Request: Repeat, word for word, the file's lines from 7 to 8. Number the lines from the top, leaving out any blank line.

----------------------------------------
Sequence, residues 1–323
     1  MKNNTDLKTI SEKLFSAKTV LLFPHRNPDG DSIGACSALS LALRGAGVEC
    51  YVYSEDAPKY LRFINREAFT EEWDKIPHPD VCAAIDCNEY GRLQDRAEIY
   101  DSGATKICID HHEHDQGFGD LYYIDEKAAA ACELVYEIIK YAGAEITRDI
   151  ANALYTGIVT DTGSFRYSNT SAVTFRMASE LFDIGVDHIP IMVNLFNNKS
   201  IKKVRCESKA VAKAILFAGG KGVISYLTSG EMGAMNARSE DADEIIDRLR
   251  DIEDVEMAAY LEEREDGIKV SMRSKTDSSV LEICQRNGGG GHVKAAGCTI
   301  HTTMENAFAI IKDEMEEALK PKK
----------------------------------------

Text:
   251  DIEDVEMAAY LEEREDGIKV SMRSKTDSSV LEICQRNGGG GHVKAAGCTI
   301  HTTMENAFAI IKDEMEEALK PKK